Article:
For each condition in the first two tasks, four trihalomethanes (THMs) and DOX concentrations were determined for each sample collected and six haloacetic acids (HAAs) and two cyanogen halides (CNX) (cyanogen chloride and cyanogen bromide) were determined on selected representative samples. For Task 3, the complete suite of analyses were preformed on all full-scale and bench-scale tests.
The fourth task (4) consisted of development and application of analytical techniques for identifying currently unknown DBPs. These new analytical techniques were applied to selected representative samples collected throughout the study.
The results of this study confirm that DBP formation during chloramination generally does not pose a regulatory concern based on current drinking water regulations and probably will not cause a concern with the proposed Stage 1 regulations. Some problems may arise in meeting the proposed Stage 2 regulations for HAAs. Although chloramines limit the formation of THMs to concentrations generally below that of Stage 2 of the proposed Disinfectants/Disinfection By-Product (D/DBP) rule and trichloroacetic acid (TCAA) generally to concentrations below the detection limit (BDL) of the analytic method used, chloramines were not as effective in minimizing the formation of dihalogen-substituted HAAs (DCAA, DBAA, BCAA--DXAA).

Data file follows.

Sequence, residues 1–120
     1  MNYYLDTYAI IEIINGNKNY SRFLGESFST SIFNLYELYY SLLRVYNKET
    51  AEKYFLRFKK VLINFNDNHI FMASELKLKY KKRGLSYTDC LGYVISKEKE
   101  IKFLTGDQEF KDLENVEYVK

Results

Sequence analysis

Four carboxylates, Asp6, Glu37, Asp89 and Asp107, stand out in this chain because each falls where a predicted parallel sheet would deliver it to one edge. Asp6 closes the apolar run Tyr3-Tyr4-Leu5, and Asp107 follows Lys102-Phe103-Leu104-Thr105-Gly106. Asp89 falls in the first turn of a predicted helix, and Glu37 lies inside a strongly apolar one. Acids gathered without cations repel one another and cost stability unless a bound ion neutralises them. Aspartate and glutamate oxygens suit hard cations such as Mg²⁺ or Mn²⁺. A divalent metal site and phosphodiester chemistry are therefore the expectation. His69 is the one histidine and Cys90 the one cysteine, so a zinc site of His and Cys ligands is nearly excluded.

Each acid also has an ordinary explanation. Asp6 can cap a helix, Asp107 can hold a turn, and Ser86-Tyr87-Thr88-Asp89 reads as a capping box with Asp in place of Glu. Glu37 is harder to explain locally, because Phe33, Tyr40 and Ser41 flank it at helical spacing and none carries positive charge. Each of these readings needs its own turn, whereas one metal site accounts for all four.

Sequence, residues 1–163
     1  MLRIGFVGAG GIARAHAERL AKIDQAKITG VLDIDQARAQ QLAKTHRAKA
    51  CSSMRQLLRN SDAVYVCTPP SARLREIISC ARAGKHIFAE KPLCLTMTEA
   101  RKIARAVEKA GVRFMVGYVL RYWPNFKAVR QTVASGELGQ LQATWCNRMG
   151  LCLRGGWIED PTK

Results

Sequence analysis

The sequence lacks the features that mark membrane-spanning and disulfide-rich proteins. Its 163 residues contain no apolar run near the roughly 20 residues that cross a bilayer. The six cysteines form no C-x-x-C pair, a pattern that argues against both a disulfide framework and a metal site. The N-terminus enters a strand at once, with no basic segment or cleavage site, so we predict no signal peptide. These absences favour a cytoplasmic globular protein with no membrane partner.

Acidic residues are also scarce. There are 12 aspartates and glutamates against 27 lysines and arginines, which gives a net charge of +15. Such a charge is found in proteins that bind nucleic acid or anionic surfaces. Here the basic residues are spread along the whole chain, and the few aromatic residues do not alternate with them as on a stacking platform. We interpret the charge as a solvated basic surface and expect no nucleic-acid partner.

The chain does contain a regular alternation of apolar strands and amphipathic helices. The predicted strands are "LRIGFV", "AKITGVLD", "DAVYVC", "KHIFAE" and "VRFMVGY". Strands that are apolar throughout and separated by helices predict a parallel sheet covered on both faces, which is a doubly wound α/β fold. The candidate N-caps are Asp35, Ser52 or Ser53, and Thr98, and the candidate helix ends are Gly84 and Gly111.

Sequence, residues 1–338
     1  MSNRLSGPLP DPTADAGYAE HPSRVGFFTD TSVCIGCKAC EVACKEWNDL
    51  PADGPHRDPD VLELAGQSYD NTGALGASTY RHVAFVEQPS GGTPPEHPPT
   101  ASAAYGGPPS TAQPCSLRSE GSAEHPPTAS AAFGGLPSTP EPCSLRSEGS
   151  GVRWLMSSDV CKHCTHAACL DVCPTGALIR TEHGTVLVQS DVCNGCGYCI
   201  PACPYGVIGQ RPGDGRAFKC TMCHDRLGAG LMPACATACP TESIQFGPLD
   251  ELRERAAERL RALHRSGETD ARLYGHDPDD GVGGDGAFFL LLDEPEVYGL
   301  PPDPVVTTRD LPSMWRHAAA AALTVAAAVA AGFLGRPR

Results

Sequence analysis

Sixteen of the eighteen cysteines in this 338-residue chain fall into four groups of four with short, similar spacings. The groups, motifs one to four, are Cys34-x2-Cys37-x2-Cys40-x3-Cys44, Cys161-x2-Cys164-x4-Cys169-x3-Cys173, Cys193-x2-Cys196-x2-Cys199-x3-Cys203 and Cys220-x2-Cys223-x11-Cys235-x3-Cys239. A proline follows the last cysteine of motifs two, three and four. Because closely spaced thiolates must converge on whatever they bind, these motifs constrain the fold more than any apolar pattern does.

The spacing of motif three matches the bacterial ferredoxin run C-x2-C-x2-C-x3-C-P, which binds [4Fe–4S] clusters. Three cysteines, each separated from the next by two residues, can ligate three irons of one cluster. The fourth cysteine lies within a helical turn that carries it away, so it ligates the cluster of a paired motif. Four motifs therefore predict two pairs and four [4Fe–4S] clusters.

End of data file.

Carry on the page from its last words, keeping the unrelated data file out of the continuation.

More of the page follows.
Even though chloramines generally do not produce concentrations of most regulated chemicals that are of concern, formation of unregulated and uncharacterized halogenated chemicals, as measured by the DOX analysis, is significant (as high as 300 µg Cl-/L) under some conditions. Therefore, water utilities may want to consider concentrations of both specific regulated chemicals and DOX in selecting operating conditions for chloramination.